ERP implementations: On-premises ERP vs. cloud ERP vs. hybrid ERP
Legacy ERP systems tend to be architected as large, complex, homogeneous systems that do not lend themselves easily to a cloud service delivery model. As such, most ERP systems, particularly those from large legacy vendors, are run on premises.
The deployment of a new ERP system in-house can involve considerable business process re-engineering, employee retraining and back-end support for database integration, data analytics and ad hoc reporting.
However, for a number of reasons, an ever-increasing number of companies are moving to cloud ERP, especially SaaS and hybrid ERP -- where part of the ERP software suite runs on premises and part runs in the cloud. Cloud-based ERP modules are built to be loosely coupled, which can reduce the cost and complexity of a deployment. Because cloud ERP does not require the hardware and infrastructure necessary for on-premises implementations, it can save on costs, both in terms of the technology purchases required and the IT staff required to manage it. Cloud ERP may also be more efficient with automatic upgrades and easier scaling.
Perhaps most importantly, ERP vendors have focused on their cloud products to enable powerful data processing capabilities, IoT, machine learning, blockchain, advanced analytics, 3D printing, and other new and emerging technologies that can help companies achieve digital transformation and better compete in the changing global marketplace.
Some companies are reluctant to put mission-critical systems and applications in the cloud for a variety of reasons, including perceived security risks or loss of data control. Other companies in highly regulated industries or government agencies may be restricted by where systems and data is located geographically. In addition, on-premises ERP provides greater customization options, which can be important.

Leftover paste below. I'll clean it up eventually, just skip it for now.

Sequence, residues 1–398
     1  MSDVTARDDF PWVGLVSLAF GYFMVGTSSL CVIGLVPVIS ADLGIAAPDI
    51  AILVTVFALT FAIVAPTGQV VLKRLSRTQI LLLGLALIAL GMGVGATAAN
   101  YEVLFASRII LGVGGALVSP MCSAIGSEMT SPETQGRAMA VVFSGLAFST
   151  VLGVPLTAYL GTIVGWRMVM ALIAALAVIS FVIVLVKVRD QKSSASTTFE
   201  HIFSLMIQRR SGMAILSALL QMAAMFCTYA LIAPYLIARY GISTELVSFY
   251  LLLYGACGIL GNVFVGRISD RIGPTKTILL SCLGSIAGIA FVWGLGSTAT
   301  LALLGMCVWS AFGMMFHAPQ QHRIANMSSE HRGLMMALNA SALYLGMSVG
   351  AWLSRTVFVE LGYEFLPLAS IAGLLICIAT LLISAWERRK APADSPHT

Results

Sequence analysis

Multi-tiered ERP systems
The most common ERP deployment, either on premises or cloud-based, is a standard system from one vendor -- generally a large legacy seller, although the vendor landscape is changing rapidly.
Many organizations now run multiple ERP systems under one environment, commonly known as two-tier -- or multi-tier -- ERP. Reasons for this include geographic differences in the organization, different divisions running different systems or company mergers for which various systems have been brought into one environment.
These deployments often have one large Tier 1 ERP that runs across the organization and includes functions that are critical to the organization as a whole, and one or more other ERPs, called Tier 2, that run less critical functions or are specific to departments.
There are many ERP vendors with a wide variety of functions and on-premises or cloud deployment options.
The most widely deployed legacy platforms are SAP, Oracle and Microsoft Dynamics, all of which have multiple ERP brands and on-premises and cloud deployment options. Their customers range from large enterprises to SMBs.
Other leading vendors include Epicor Software Corp., Infor, IFS World, Sage Software Inc., Syspro USA, IQMS and QAD Inc. Leading cloud ERP vendors include NetSuite Inc., Kenandy Inc., Acumatica Inc. and Plex.
Many of the smaller ERP vendors offer software that handles common business processes, as well as functions that focus on specific industries like manufacturing, retail, healthcare or the public sector.
ERP vendors have a variety of support models for ERP systems depending on licensing contracts with customers.
Support services usually have multiple levels -- from phone support to consulting -- and associated costs and include services like bug fixes, incident resolution, patches, and updates and upgrade assistance. Cloud ERP systems that automatically update areas such as patching have helped reduce service costs for companies.
Support services are generally handled by the ERP vendors, although there are independent firms that offer third-party support for some vendors' ERP systems.